Veterinary surgeon and veterinary Technician: a winning team

An interview with Doctor Chiara Chiaffredo, Veterinary Surgeon, CCRP, Owner of the CVF physiotherapy vet centre and Senior President of SIRIMSVET (Italian Veterinary Rehabilitation and Sports Medicine Company)

The way was paved by the Anglo-Saxon world which back in the day had understood the need to flank the figure of Veterinary Surgeon with a professional capable of assisting and supporting him/her during daily practice, shouldering a series of commitments that were taking away time from carrying out his/her activities. This is how the profession of Veterinary Technician was born: a multi-tasking position with transversal skills which thanks to ad-hoc training paths providing specific knowledge of pets, equines and exotic species, has also become specialised.

Where on the other side of the Channel therefore, the position of Veterinary Technician has a lengthy pedigree, in Italy it landed about ten years ago, with an out-and-out boom over the past 3-4 years. 
This is confirmed by Doctor Chiara Chiaffredo, a Veterinary Surgeon specialised in physiotherapy and sports medicine.

Over the past few years, the Veterinary Technician has become ever-more frequent in outpatients and clinics: what is his/her role?
It is a satellite position to the Veterinary Surgeon who entrusts a series of tasks to support him/her in daily practice. Thanks to this help, the Vet can devote more time to the patient, without having to deal with the administration, management, operational problems which generally concern every facility. Some call him/her nurse and others auxiliary: personally, I think that assistant is the correct term.

An assistant who is assigned several tasks…
Precisely. For example, a Veterinary Technician can carry out administrative tasks or manage the clinic’s spaces, take care of the patient during admission or for specific therapies decided by the Vet, flank the latter during surgery, deal with the hygiene and cleaning of the instruments as well as of the common spaces. It is therefore a professional figure called upon to intervene in several situations.

Is there a risk of overlapping the two positions of Veterinary Surgeon and Veterinary Technician?
The borderline between the two positions can be a narrow one, but if the roles are defined precisely and the Veterinary Surgeon assigns precise tasks to the assistant, there is no interference. On the contrary, a virtuous circle whose complementarity is its strength benefits the patient and the peace of mind of the owner who finds a professional Technician able to devote personal care and attention to the animal.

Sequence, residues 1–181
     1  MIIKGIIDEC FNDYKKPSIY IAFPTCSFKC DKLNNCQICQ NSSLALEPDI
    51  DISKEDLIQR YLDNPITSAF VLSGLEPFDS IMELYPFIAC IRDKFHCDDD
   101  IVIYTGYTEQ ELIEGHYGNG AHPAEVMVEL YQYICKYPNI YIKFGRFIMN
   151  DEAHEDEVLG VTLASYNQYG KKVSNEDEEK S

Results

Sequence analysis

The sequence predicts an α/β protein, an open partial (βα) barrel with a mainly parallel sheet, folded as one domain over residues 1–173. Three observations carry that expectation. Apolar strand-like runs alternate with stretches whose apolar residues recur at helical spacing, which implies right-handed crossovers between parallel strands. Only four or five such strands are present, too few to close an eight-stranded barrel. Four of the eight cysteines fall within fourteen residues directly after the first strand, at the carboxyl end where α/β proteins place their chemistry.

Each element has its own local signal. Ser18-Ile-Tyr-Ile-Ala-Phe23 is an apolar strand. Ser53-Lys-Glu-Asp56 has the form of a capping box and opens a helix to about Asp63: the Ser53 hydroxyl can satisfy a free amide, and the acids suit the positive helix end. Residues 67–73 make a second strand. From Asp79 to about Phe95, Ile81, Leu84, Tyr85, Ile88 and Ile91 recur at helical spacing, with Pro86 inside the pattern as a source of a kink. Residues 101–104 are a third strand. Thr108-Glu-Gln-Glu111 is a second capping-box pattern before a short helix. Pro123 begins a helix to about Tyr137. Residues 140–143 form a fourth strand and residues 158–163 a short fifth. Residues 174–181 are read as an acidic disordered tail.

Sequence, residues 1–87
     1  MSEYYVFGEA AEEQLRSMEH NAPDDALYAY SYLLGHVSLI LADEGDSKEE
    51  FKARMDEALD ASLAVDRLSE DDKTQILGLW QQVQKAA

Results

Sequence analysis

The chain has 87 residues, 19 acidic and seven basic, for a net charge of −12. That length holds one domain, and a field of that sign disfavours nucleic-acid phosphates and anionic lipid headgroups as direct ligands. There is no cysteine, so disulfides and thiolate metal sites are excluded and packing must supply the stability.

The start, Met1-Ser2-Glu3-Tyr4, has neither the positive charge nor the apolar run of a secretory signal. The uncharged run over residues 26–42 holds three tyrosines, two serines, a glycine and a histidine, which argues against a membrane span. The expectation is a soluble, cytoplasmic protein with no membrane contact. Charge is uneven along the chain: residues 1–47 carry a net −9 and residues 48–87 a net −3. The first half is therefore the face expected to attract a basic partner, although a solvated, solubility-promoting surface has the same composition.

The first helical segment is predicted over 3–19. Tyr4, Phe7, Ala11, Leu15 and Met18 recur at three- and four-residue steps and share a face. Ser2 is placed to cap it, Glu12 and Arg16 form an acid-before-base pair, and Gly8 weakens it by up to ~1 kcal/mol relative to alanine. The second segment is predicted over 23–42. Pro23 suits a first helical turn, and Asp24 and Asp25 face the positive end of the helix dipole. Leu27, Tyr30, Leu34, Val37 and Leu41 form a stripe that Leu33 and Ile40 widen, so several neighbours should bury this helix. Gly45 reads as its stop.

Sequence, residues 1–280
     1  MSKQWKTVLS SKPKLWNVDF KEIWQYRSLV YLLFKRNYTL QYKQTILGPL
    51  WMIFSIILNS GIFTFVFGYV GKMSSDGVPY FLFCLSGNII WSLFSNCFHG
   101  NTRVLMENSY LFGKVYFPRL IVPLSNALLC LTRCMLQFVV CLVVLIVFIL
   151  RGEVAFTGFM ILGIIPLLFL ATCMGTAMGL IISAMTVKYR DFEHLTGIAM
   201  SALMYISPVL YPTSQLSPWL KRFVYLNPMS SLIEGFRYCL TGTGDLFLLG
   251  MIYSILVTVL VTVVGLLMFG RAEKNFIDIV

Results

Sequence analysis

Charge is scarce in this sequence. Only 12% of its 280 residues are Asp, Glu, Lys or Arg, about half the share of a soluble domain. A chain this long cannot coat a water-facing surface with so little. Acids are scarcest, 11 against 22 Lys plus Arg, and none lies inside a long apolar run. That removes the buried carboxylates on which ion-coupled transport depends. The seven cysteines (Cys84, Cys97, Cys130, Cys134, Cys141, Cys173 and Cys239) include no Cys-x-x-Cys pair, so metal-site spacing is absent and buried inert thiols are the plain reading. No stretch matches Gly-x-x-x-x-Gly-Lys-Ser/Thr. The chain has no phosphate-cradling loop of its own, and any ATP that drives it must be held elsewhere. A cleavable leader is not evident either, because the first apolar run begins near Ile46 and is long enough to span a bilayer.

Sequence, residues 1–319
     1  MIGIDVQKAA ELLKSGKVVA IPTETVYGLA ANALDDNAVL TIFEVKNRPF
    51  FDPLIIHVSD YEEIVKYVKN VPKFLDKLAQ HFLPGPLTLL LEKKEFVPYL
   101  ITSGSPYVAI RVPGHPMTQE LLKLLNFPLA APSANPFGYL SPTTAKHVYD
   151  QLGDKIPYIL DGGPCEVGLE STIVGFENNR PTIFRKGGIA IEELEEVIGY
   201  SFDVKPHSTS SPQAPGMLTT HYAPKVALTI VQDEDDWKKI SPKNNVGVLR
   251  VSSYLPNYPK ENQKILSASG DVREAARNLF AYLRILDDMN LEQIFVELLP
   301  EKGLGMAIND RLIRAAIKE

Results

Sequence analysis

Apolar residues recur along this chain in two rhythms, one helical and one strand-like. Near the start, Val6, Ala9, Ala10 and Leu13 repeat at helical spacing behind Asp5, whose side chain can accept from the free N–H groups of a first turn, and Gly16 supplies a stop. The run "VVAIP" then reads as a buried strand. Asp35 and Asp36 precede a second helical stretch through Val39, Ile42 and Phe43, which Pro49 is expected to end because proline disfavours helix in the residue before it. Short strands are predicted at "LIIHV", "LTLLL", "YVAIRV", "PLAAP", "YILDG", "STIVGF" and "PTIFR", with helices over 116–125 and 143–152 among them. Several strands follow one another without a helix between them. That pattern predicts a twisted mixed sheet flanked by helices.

Does this complementarity between Vet and Technician also concern the use of instrumental therapies, laser therapy in primis?
It is always a question of teamwork: the Veterinary Surgeon establishes the therapy and instructs the Veterinary Technician in order for it to be applied correctly. Although this task may seem to be strictly operational, it is no less worthwhile. On the contrary, correctly learning how to best use a laser for example, is a decisive factor for achieving the desired result.


This was well understood by the participants in the Course organised by ATAV (Association of Auxiliary Veterinary Technicians) which focused precisely on laser therapy…
Their enthusiasm, the involvement and proactivity they showed during the course, make me lean towards a “yes”, as does the feedback collected at the end of the presentation of MLS® Laser Therapy and of the M-VET device. Once again, the complementarity between my speech, strictly clinical, and the one by the company, more scientific, was a winning combination, both in terms of clarity and of involvement. Despite some initial reluctance, immediately dispelled.

Of what type?
The theoretical aspect, based on concepts of physics, generally alarms the public, but the explanations given by Giulia Randazzo, ASA Product Specialist, were very easy to understand and to “handle”. 
Exactly like the M-VET device, of which the course participants appreciated precisely the ease of use and intuitiveness which ensure it is ‘smart’ even for those who are just at the beginning. Provided they are correctly trained.